The Kerning (proposed first chapter)



The mercury had climbed steadily all week.

Dawn came to Willow Forge and, creeping alongside it into the new day, came the inescapable threat of the thermometer reaching record highs. The heat, and that damned dry wind, certain to bring yet more discomfort to the town and it’s residents. A fifth consecutive day of sweltering under the sun, clothes slick with sweat, the arid air making it difficult to breathe.

In truth, the nights had been even more uncomfortable to endure than the days. Even as the skies had blackened into darkness, bringing relief from the glare of the harsh sun, the good folk of Willow Forge found sleep or respite from the oppressive heat difficult to achieve. They awoke each morning, if, in fact, they had slept at all, with a listlessness and lethargy that shadowed them throughout the following day. Working proved difficult and even the simplest of tasks, like running to the store to grab a few groceries or calling to check on a neighbour, left people tired and cranky as the unrelenting heat swiftly replaced all efforts at productivity and physical exertion with tiredness and fatigue and draining the civility from those attempting such everyday activities.

A quietness lay over Willow Forge; a stillness had passed into its people. The heat smothered the sounds of commerce and industry, normally vibrant and bristling with energy, reducing them to tired echoes which the dry wind hurried away.

A few miles outside town, four bicycles lay abandoned by the side of a dusty track. Their wheels and frames slowly covered by a fine dust kicked up from the parched path, like dirty icing sugar lightly sprinkled on top of a home baked cake. The mud on the bicycles, now baked hard by the sun, becoming yet another shallow memory and bearing mocking testimony to cooler, wetter, more comfortable days. Wheels spun lazily, each revolution slowing imperceptibly as the hot wind blew lightly over them. Baseball cards taped to the frames caught on the spokes of each slowing dying rear wheel adding a “snick….snick……….snick” as percussive accompaniment to the scratchings of crickets amid the whisper of the tall grass.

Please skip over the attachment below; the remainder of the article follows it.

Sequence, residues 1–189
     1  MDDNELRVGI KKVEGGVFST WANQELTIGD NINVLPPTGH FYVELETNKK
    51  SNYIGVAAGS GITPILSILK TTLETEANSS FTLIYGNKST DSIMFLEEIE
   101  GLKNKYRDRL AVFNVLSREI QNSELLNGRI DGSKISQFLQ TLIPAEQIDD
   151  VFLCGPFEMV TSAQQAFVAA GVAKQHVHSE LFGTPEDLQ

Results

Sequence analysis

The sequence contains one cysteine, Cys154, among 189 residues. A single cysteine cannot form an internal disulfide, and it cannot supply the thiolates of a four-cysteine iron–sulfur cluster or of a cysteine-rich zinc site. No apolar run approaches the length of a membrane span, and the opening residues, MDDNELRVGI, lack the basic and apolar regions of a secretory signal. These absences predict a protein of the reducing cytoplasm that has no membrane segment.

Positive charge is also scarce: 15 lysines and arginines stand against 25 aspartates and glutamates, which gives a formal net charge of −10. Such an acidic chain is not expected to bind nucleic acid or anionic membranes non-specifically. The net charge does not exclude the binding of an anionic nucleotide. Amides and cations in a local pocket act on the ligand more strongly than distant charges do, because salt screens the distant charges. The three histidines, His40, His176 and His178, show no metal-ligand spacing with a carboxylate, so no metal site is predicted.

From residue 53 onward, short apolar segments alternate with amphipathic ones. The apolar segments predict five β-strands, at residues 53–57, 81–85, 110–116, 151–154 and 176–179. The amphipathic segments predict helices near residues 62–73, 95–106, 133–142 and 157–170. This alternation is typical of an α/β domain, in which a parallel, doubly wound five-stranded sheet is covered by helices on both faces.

Four figures trudged wearily away from the tangle of bicycles towards a line of trees. The tallest of the figures, his ginger head a good six inches above his companions, led the way through the field. He swung lazily at the grass with a stick, clearing a path through which the others would follow. The journey from Willow Forge, though short, was mostly uphill and despite the exhilaration as the wind whipped at their faces and cooled the sweat on their youthful bodies, had drained them of energy. One by one they entered the sanctuary provided by the trees. The Boy was the last of the four to step into the shade and cool and to leave the glare of the sun and the heat of the day behind him.

They made their way to a small clearing where, earlier that year, they had placed large stones in a rough circle around a pit for a camp fire. They came here often, as often as they could, after allowing for the needs of schooling, homework and their parents’ demands to help with household chores. This was their place. Their camp. Their domain.

The Boy reached into his backpack and produced two cans of soda, throwing one over to Ginger. The Boy snapped the ring pull, the hiss of the can as it opened loud and alien among the tranquility of the woods. The Boy gulped greedily at the beverage, the sound of the second soda being opened by Ginger just audible over the noise of his own drinking. Refreshed, The Boy wiped his hand across his mouth before passing the part empty can to one of his companions.

“Look there.” Ginger pointed towards the shadows with the stick he’d used to beat down the grass. His other hand held the knife he’d been sharpening the stick with; a knife he had stolen weeks earlier from his father’s toolbox. Ginger’s father had been furious at the loss, raging as he’d searched his workshop and truck for it before grudgingly making a trip to Bennett’s Hardware on Main Street to buy himself a new model with a better, longer, keener blade. Ginger had searched for the knife all afternoon with his father, longing for the delicious moment when he could retrieve it from its hiding place in his bedroom cupboard.